Having patients leave the hospital as soon as safely possible is a primary goal of all health care professionals. A new study led by Dr. Catherine Pound, a pediatrician at the Children’s Hospital of Eastern Ontario (CHEO) and assistant professor at the University of Ottawa, has led to an 18% decrease in length of stay for children admitted to the hospital with severe asthma. In short, CHEO research makes a measurable impact on asthma care, as published today in Hospital Pediatrics.
When a child with severe asthma symptoms is admitted to CHEO, they are typically placed on Ventolin, a medication that relaxes muscles in the airways and increases airflow to the lungs. While nurses are responsible for monitoring these children, physicians are in charge of weaning children off the medication to the point that they are discharged from the hospital. This can lead to delays in weaning children from medication, and ultimately in being discharged, if physicians are busy with higher priority cases.
CHEO resident Dr. Victoria Gelt noticed the current process was resulting in longer hospital stays for some patients, and came forward with a suggestion that the nurses, who were already responsible for noting the signs of when a child should be weaned, be given more control in the process. Together, Drs. Pound and Gelt worked with CHEO respirologist and University of Ottawa professor Dr. Tom Kovesi, to develop and test a protocol for an innovative randomized controlled study.
Key Study Facts
- 113 study participants (children at CHEO) were recruited between May 2012 and September 2015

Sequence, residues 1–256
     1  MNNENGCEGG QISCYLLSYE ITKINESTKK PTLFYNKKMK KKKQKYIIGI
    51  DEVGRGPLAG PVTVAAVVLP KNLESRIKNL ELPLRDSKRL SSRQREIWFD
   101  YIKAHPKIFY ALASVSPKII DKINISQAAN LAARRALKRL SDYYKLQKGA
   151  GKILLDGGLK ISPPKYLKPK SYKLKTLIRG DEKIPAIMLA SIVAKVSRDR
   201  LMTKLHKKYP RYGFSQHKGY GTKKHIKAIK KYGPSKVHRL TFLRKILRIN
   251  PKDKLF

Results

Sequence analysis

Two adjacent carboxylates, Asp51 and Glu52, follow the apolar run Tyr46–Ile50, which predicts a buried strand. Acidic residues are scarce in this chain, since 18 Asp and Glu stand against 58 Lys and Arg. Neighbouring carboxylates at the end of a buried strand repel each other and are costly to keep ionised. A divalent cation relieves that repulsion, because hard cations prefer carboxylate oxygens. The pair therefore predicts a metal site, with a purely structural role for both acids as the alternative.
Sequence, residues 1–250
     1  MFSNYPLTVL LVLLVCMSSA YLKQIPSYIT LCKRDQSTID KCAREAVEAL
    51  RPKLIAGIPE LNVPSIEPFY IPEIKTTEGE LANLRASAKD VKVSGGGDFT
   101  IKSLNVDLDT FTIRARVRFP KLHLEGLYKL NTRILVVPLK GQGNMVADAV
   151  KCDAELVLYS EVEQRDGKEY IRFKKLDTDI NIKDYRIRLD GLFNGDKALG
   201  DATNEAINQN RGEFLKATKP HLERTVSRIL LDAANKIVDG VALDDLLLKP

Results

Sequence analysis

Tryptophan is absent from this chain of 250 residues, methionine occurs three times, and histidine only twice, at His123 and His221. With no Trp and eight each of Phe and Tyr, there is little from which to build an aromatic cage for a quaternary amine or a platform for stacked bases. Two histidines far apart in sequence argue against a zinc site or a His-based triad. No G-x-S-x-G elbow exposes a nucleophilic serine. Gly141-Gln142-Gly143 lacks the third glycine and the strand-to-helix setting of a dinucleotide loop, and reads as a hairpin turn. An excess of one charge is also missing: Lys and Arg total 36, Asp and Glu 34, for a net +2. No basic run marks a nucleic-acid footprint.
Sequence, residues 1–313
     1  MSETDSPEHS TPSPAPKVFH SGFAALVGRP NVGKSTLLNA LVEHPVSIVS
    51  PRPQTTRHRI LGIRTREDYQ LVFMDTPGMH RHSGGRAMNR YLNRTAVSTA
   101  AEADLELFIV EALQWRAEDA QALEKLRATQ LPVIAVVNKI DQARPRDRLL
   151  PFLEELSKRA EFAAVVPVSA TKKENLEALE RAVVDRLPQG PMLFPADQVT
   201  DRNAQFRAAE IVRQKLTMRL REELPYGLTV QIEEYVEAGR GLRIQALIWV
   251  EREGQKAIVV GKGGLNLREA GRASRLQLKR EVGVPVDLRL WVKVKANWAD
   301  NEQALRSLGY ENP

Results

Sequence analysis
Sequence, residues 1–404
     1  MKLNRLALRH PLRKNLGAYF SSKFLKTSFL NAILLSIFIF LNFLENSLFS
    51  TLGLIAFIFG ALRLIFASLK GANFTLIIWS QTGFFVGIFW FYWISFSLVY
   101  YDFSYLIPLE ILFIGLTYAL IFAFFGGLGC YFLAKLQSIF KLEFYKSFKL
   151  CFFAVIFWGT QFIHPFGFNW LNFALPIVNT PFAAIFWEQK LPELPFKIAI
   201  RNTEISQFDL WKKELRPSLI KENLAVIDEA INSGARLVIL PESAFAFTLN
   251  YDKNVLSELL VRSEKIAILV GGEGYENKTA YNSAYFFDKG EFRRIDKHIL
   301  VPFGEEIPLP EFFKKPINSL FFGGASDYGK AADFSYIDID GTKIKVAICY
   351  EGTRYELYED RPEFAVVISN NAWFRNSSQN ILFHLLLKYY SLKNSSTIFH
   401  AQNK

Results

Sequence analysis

- Over a two-year period, nurses were trained on the Pediatric Respiratory Assessment Measure (PRAM) score, an evidence-based tool designed to assess asthma
- PRAM scores involve assessing measurable and objective markers like the patient’s breathing, seeing if they are using accessory muscles (those that aren’t typically used for breathing), using stethoscopes to listen to the patient’s lungs, the rapidity of their breathing, and their oxygen saturation
- Post study analysis showed an 18% reduction in the length of stay, when nurses were in charge of weaning the Ventolin
Nurses monitor the child during their stay and adjust their Ventolin as required based on the PRAM score. Once they have weaned the child down to two puffs every four hours, the child is ready to go home. At that point, a physician is called to sign the discharge papers for each patient. CHEO leadership recognized the numerous benefits of this new process, and have already implemented the changes within the hospital.
Dr. Catherine Pound, CHEO Pediatrician and assistant professor at the University of Ottawa, said:
“The nurses were already observing the children and then calling the doctors to say that the child was ready. That’s why I thought it was such a great idea, if we could give that power to the nurses then they don’t need to call us anymore. One of the biggest considerations that went into the study was safety. We found that there was absolutely no difference in terms of safety, whether a nurse or physician was weaning the child. Now we have a way to assess inpatient asthma in an objective, measurable way.”
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About the CHEO Research Institute
The CHEO Research Institute coordinates the research activities of the Children’s Hospital of Eastern Ontario (CHEO) and is affiliated with the University of Ottawa. Its three programs of research include molecular biomedicine, health information technology, and evidence to practice research. Key themes include cancer, diabetes, obesity, mental health, emergency medicine, musculoskeletal health, electronic health information and privacy, and genetics of rare disease. The CHEO Research Institute makes discoveries today for healthier kids tomorrow. For more information, visit www.cheori.org or @CHEOhospital
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